According to the Tourism Satellite Account 2020 report by the Bangladesh Bureau of Statistics (BBS), the tourism sector contributes 3.02 per cent to the country’s GDP in FY19, and provides 8.07 per cent of the overall employment opportunities.
Padma Bridge boosts potential
The country’s tourism sector got a big boost immediately after the opening of Padma Bridge, as it offers visitors heading towards any of the south-western districts a significant drop in travel time.
TOAB’s Rafeuzzaman said, “Previously, tourists using the ferry system suffered a lot due to the time-consuming process of crossing a river, which was necessary to visit Bagerhat, Kuakata and the Sundarbans.
“It used to take at least four hours to cross the river, and it discouraged potential visitors.”
As the bridge shortened travel time, people began visiting those regions more. Meanwhile, people living in the southern part of the country also began traveling to Cox’s Bazar, Rangamati and hill tract regions as tourists, thanks to the improved infrastructure.
The Padma Bridge and its adjacent areas are turning into a tourism hub, boosting the country’s economy. Project Hilsa, a restaurant, built nearing Padma River in 2021 has already gained much popularity among travellers and tourists.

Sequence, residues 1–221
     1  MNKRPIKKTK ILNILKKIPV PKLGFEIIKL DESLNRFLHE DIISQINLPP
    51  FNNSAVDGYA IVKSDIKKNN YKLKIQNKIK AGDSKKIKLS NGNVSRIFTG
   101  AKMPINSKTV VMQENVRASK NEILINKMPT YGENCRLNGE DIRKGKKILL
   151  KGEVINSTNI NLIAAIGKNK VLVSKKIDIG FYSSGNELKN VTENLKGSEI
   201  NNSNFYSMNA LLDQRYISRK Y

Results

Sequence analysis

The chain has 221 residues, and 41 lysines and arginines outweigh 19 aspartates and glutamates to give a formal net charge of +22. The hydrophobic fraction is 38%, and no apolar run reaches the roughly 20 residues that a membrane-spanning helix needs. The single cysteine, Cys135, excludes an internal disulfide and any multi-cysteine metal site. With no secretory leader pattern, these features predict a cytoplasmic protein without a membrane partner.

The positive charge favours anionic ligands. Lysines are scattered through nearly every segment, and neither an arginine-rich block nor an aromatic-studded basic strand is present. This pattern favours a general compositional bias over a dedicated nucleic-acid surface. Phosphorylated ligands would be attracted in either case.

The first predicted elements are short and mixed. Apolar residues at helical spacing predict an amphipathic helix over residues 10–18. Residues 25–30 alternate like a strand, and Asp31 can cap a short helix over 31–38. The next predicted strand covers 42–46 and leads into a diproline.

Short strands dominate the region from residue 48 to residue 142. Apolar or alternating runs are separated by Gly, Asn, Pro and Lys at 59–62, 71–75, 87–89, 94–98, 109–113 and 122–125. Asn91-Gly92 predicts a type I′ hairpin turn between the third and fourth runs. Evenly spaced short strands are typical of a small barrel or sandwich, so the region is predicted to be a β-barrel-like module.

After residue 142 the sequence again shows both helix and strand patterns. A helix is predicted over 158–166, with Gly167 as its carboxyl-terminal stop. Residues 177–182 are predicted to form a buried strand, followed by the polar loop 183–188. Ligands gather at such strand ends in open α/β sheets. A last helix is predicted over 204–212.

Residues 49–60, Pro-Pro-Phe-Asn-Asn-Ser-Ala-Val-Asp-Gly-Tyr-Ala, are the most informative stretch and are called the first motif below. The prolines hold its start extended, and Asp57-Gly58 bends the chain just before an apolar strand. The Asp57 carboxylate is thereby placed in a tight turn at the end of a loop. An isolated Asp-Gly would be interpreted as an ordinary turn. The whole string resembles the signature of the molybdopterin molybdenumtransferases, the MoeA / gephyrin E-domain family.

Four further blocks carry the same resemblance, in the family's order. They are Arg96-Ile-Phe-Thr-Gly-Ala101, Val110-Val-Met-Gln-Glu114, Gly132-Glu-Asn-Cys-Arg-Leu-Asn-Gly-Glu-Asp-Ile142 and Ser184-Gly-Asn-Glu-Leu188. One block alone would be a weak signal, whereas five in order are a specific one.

Owners have also begun relocating their tourism businesses there to survive, insiders say.
Challenges faced by tourists
According to a Bangladesh Bureau of Statistics (BBS) report, domestic tourists spent more than Tk 74,959 crore on tourism in FY19. The average cost of a day trip per person was Tk 2,260. On the other hand, the cost of an overnight trip was Tk 9,071.
Besides, it is estimated that around 29.21 lakh Bangladeshis traveled abroad during this period. In FY19, 16.4 lakh tourists visited Bangladesh, 13.5 lakh or 80.28 per cent of which were non-residential Bangladeshis, and the rest were foreigners.
The expenditure for outbound tourism is more than Tk 33,686 crore. Of this figure, more than Tk 7,494 crore was spent on traveling expenses.